The ancient city of Palmyra is an excellent representation of the human desire to preserve history and culture. You might be wondering why I take this optimistic view of the Palmyra ruins and all the destruction caused to this site throughout the millennia… The answer is that, after all the destruction it suffered, people always worked together to reconstruct it, to bring Palmyra back to life. And this gives me hope that, while some people (extremists) don’t value culture, there are many more people out there who care about our past and who are willing to work together to safeguard our World Heritage sites.
The site of Palmyra
Palmyra, ‘Pearl of the Desert’, a site located 210 km northeast of Damascus, was a very important city in antiquity. Historic accounts date its establishment date back to the 2nd millennium BC, followed by mentions in the Bible during the time of King Solomon. However, it was only during the 3rd century BC that Palmyra started flourishing. During this time, it acted as a major hub on the Silk Road, a trade route connecting Persia, India, China, and the Roman Empire. The many civilizations passing through this trading post heavily influenced its art and architecture. Owing to this, the site of Palmyra has been listed as a UNESCO World Heritage Site since 1980 as a key cultural center of ancient history.
Nowadays, this vast ancient site includes many ruins, mentioning below a few of them:
The Temple of Bel (top photo), dedicated to the Mesopotamian god Bel
Temple of Baalshamin, dedicated to the Semitic divinity Baalshamin
The destruction of Palmyra
We’re familiar with the news from the past years about the destruction inflicted by ISIS at Palmyra. Less familiar for many people is Palmyra’s troubled history. Being a significant establishment at the crossroads between the East and the West, Palmyra has suffered several conquers and destructions in the past. The major city downfalls occurred in 273 by the Roman Emperor Aurelian, the early 1400s by the Timurid Empire, each followed by its reconstruction. Its ruins were discovered in the 17th century, developing into a major touristic attraction of Syria due to its important historical and cultural contribution.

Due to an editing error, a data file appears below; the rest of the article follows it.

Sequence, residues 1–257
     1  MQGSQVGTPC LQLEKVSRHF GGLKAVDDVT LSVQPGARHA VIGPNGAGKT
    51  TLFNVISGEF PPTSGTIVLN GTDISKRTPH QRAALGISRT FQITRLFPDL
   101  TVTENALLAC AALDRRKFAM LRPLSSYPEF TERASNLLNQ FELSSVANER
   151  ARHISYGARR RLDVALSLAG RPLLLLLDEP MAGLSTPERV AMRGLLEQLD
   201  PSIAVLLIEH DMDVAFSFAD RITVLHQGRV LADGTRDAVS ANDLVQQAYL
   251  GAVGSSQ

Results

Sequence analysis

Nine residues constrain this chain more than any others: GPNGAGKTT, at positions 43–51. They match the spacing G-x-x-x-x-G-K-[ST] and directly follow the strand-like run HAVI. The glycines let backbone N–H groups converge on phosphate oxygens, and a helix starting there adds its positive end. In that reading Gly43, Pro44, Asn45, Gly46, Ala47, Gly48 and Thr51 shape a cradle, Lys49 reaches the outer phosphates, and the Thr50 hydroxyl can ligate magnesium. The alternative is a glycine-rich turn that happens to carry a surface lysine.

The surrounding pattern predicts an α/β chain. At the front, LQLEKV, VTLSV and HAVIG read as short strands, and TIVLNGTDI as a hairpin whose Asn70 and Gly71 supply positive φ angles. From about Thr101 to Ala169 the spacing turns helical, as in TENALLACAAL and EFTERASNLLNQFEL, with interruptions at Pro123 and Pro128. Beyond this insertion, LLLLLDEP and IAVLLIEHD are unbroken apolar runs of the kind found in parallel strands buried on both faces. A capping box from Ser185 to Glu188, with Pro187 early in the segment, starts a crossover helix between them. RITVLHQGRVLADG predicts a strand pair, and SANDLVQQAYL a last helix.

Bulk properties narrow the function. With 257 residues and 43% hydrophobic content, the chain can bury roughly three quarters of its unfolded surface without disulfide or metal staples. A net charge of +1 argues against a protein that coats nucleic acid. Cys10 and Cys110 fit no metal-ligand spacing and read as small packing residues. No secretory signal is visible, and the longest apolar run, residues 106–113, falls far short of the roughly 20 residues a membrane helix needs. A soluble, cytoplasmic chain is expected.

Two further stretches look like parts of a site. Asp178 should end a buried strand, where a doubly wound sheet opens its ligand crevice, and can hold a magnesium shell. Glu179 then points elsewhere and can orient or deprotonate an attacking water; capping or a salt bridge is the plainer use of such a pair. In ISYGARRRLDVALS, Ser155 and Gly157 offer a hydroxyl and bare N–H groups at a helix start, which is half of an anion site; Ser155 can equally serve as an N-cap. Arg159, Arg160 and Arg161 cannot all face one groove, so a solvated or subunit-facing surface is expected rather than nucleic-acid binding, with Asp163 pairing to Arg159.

More recently, the chain of destruction at Palmyra continued with the capture of the site by the Islamic State or ISIS, first in May 2015 and then again in December 2016. During their occupation, ISIS caused damage to the Temple of Baalshamin, parts of the Temple of Bel, the facade of the theatre, the Tetrapylon, and several other tombs and statues, including a 2000-year-old limestone statue of a lion, the Lion of Al-lāt.
The rebirth of Palmyra
Following the recapture of the site by the Syrian army in March 2017, the site was subjected to extensive renovations. UNESCO created an emergency safeguarding for the Portico of the Temple of Bel, with a proposed budget of $150,000 for its restoration. Moreover, specialists at the National Museum of Damascus successfully reconstructed the statue of the Al-lāt lion. UNESCO and several countries offered to join efforts with Syria to help restore this historical site and its artifacts, thus revealing the global value of heritage. It’s only through joined efforts and working together that we can succeed in creating global change and protect our planet with its beauties, history and culture.
Let’s start the New Year with hope—hope that we’ve learned from our past mistakes and hope that we can create a better world by working together as a one entity—the humankind, and not as people separated by borders, religion, or race.
“If you want to go fast, go alone. If you want to go far, go together.”—African Proverb